Zheng has found herself engaging more with Among Us art, taking inspiration from an Instagram post to create an Among Us-themed birthday card for her friend and making an Among Us puppet for her drama class.

Beyond the gaming world, Among Us has also popularized slang words such as “sus,” which means “suspicious,” and “vent,” which is a way for impostors to move around the map undetected.

“For example, if somebody is not doing too well in class, [we would say,] ‘He’s an impostor, he needs to go into another class,’” Jobi said. “[Sometimes, we say] ‘vent into zoom’, instead of ‘zoom in to zoom’. There’s lots of different [slang] that we started using because of Among Us.”

After an intense round, the crewmates have voted Viking out. The crewmates win the game…poor Viking. (Graphic illustration by Amy Liu)

Among Us is an easy game to learn but takes strategy to master. To be a successful crewmate or impostor, one must be observant, gain the trust of other players and report any suspicious behavior before it is too late.

“When I am a crewmate, I try to look for patterns in peoples’ behaviors that are ‘sus’,” sophomore Daniel Wang said. “From there, I follow them around to watch them do tasks to either confirm or disprove my suspicions. When I am an impostor, I always try to pick people off one by one by sabotaging lights or by venting.”

On Oct. 4, the Class of 2022 officers hosted an Among Us social. Since Homecoming was postponed, the class officers wanted to create an opportunity for juniors to socialize and meet new people. The social took place over Zoom, where the players were moved into breakout rooms and rotated rooms every 10 to 20 minutes.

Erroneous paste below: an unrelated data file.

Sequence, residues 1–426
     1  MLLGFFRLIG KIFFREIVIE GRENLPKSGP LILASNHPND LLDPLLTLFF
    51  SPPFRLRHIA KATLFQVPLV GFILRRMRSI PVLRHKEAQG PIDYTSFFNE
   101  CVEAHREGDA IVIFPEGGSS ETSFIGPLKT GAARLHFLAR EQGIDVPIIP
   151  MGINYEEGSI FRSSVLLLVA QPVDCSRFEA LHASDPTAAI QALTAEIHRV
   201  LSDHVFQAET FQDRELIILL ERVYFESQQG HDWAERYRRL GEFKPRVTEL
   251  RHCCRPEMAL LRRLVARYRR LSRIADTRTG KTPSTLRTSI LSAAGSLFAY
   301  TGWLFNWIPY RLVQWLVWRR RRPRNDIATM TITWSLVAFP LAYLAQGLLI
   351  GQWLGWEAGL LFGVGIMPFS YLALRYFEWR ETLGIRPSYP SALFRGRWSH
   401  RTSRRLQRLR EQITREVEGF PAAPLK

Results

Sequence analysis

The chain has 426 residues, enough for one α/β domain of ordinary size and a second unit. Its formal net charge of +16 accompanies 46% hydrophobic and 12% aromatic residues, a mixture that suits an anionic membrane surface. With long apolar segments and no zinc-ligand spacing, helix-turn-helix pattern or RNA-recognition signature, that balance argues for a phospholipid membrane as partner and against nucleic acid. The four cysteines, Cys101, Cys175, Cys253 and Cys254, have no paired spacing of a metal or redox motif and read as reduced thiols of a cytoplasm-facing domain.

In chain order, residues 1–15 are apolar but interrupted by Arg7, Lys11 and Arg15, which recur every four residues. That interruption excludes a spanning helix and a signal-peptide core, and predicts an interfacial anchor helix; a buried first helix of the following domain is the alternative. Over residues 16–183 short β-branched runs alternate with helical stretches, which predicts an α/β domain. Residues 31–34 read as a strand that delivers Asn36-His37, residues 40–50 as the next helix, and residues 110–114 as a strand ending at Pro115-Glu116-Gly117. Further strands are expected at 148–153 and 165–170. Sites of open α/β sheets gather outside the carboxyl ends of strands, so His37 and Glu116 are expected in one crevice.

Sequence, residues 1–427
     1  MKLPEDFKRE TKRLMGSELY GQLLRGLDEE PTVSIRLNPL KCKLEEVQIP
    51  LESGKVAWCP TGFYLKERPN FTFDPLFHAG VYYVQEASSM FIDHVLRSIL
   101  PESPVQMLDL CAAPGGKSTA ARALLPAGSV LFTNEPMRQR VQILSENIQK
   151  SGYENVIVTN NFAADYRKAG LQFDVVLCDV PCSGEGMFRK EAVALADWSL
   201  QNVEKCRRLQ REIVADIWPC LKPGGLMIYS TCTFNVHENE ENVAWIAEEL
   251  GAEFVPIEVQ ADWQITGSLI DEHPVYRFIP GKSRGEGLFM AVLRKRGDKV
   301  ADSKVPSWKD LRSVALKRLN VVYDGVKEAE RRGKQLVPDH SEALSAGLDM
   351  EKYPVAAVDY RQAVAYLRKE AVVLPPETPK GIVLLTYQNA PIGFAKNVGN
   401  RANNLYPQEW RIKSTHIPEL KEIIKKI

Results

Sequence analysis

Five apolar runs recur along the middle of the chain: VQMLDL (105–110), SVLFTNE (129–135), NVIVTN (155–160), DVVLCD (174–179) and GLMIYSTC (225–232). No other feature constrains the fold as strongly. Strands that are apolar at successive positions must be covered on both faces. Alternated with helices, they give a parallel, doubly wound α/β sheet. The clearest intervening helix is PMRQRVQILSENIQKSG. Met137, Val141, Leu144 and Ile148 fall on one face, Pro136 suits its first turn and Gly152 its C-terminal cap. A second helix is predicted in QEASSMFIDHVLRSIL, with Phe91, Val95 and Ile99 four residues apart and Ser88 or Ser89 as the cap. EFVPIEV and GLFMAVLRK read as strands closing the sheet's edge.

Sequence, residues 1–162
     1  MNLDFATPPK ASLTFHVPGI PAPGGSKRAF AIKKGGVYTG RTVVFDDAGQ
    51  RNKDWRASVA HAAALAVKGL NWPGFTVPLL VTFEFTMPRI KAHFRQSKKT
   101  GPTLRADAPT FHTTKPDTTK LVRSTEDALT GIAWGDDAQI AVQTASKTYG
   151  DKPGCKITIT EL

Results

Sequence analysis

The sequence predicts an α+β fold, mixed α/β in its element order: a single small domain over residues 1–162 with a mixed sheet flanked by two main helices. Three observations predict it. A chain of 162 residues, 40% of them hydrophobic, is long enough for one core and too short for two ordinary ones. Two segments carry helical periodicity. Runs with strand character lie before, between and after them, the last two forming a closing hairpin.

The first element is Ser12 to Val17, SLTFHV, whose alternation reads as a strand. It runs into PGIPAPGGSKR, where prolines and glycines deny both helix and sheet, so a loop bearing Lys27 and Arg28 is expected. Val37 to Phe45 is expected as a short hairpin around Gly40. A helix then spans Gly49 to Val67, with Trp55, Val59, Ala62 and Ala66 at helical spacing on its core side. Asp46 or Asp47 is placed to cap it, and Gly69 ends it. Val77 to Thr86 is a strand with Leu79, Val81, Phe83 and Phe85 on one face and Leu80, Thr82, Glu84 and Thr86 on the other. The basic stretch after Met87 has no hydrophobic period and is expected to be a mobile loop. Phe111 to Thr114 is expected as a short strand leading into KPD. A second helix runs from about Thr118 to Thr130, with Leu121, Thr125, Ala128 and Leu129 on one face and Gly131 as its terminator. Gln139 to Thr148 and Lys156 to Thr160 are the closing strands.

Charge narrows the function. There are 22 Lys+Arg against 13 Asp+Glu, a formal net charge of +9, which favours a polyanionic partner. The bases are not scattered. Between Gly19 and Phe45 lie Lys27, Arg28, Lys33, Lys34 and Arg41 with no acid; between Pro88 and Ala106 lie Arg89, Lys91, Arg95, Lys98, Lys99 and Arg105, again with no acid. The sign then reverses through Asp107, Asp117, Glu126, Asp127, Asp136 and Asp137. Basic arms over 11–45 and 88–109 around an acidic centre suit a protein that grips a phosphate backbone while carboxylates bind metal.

“Since Among Us was really popular, we thought it would be a good starting point for our first social,” Class of 2022 Vice President Shailesh Senthil said. “It was really great to see everybody starting conversations because a lot of the time in class, some people choose to mute in breakout rooms. We hope to get more of the class involved in these socials and create the opportunity for students to have fun and come together even during online learning.”

The Class of 2024 officers will also hold an Among Us social for freshmen on Nov. 6 from 7 to 8 p.m..

“[Among Us] is easy to pick up, and everyone is able to access it on a mobile device,” Class of 2024 Secretary Jeffrey Gao said. “The game is also very interactive, so students can socialize and bond with new people, making it a good fit for a class event.”

With all of the game’s recent popularity, InnerSloth has cancelled production of Among Us 2, instead putting its efforts into improving the current version of the game. InnerSloth plans on fixing problems with servers and cheating, as well as adding a system for banning disruptive players. Additionally, customizable controls, a friending system, new maps, new player colors and colorblind support will also be added.

Among Us has fostered communities at Lynbrook and around the world by creating and maintaining friendships while players remain socially distant.

“Among Us has strengthened my friendships because it’s a very exciting game to play with friends,” Wang said. “It’s very fun to kill and manipulate your friends while lying your way out of sticky situations. It gives me something interesting to do with my spare time.”

This story was originally published on The Epic on November 4, 2020.